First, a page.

‘Churnalism’ and the BBC

The interesting (despite its sound quality) video below features the head of the BBC Multimedia Newsroom Mary Hockaday in conversation with Steve Hewlett at the Polis Journalism Conference held at the LSE earlier this month. 


Towards the end of the video (at around 21:36), Hewlett raises the subject of ‘churnalism’ which is defined by the Media Standards Trust as follows: 

“‘Churnalism’ is a news article that is published as journalism, but is essentially a press release without much added. In his landmark book, Flat Earth News, Nick Davies wrote how ‘churnalism’ is produced by:

“Journalists who are no longer gathering news but are reduced instead to passive processors of whatever material comes their way, churning out stories, whether real event or PR artifice, important or trivial, true or false” (p.59).

According to the Cardiff University research that informed Davies’ book, 54% of news articles have some form of PR in them. The word ‘churnalism’ has been attributed to BBC journalist Waseem Zakir.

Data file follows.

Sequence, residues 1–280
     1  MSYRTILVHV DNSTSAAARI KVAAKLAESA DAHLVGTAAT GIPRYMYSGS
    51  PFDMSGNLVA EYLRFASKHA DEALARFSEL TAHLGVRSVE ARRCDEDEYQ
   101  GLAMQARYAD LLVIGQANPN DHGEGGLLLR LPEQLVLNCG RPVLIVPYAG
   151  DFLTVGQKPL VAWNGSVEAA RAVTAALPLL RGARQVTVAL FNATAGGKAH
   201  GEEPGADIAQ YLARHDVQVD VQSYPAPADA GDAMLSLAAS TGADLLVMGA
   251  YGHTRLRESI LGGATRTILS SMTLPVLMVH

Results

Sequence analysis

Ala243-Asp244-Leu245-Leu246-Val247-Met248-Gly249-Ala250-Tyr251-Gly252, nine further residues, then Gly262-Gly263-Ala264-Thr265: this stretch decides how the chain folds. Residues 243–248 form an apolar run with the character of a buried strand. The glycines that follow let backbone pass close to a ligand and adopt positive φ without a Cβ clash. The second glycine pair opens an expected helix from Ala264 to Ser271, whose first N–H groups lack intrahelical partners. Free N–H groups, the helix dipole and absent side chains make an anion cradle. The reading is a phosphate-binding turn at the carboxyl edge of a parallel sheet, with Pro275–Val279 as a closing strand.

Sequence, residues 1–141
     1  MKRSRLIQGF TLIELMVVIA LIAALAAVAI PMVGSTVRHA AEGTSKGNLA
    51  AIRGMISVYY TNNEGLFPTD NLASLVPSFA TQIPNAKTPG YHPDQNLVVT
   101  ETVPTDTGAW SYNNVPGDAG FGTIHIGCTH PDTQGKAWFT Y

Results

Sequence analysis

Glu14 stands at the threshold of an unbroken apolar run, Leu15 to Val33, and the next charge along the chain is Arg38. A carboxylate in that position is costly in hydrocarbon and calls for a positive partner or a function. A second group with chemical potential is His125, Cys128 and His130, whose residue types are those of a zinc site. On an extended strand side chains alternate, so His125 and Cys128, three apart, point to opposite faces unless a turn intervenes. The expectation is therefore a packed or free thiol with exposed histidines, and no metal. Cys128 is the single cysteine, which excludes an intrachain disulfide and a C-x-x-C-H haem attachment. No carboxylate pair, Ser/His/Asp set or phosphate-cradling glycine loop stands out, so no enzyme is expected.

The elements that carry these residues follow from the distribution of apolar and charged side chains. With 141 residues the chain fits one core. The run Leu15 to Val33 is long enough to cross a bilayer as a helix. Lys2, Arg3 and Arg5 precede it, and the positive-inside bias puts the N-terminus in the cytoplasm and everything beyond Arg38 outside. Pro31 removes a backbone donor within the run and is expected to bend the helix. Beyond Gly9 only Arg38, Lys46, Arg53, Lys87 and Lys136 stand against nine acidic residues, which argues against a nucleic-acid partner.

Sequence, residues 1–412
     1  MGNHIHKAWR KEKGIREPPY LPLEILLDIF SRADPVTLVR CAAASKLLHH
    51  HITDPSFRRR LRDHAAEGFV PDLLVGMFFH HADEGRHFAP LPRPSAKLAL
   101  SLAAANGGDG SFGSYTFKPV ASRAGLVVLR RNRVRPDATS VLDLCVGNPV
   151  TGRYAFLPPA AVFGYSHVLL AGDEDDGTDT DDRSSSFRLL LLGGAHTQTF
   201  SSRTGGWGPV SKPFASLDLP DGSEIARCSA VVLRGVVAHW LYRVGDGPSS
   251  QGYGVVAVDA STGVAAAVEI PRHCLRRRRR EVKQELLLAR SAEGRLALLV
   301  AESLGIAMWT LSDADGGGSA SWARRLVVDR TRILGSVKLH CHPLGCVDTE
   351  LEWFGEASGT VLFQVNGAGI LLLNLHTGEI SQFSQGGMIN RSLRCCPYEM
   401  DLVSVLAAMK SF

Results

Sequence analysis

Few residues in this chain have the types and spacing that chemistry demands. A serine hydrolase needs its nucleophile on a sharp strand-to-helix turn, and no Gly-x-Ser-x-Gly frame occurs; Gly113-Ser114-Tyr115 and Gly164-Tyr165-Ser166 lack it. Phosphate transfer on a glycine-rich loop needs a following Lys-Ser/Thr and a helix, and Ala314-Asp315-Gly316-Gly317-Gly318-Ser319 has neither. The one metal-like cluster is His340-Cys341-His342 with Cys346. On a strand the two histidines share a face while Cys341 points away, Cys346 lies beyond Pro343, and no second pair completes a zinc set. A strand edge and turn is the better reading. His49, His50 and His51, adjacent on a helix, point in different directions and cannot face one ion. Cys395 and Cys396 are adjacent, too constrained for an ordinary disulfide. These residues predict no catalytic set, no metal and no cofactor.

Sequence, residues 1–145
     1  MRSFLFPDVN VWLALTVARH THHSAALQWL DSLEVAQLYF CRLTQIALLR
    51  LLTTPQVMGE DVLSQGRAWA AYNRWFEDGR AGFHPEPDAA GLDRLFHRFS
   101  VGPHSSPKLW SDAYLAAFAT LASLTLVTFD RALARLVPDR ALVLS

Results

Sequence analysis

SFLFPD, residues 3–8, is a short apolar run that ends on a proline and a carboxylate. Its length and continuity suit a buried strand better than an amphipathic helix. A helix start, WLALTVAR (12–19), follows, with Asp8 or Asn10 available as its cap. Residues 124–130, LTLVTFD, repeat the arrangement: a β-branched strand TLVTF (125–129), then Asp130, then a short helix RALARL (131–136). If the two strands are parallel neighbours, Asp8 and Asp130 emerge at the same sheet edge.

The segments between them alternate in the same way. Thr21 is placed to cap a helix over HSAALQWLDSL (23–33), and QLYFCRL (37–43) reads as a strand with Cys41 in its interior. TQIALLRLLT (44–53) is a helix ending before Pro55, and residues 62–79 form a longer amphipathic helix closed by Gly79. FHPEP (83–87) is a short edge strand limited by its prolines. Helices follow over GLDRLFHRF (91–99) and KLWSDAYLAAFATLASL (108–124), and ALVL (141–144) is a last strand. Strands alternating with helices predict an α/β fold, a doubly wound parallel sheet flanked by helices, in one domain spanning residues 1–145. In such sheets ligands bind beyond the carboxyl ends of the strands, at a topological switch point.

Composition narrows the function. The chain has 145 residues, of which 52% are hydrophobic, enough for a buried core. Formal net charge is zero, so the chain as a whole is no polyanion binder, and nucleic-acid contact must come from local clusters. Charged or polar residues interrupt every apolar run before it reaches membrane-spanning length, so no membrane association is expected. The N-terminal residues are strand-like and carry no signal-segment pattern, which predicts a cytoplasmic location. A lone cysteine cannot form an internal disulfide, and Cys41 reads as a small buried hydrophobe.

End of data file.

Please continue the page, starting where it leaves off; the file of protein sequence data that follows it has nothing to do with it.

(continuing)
Of course not all churnalism is bad. Some press releases are clearly in the public interest (medical breakthroughs, government announcements, school closures and so on). But even in these cases, it is better that people should know what press release the article is based on than for the source of the article to remain hidden.”

However, the sheer number of organisations putting out statements for use by the media makes it important for BBC journalists not just to make do with identifying the source of the press release, but also to inform readers of any political and/or ideological affiliations which may have a bearing upon the impartiality of the information put out by the organization concerned – as indeed they are required to do by the Editorial Guidelines with other outside contributors.

On April 11th the BBC News website ran an article on its Middle East page entitled “Hamas failed to probe Palestinian ‘collaborator’ deaths“. To its credit, the article states clearly that it is relating to a statement made by the NGO Human Rights Watch, but it makes no attempt to explain to readers the well documented record of HRW on subjects connected to the Middle East.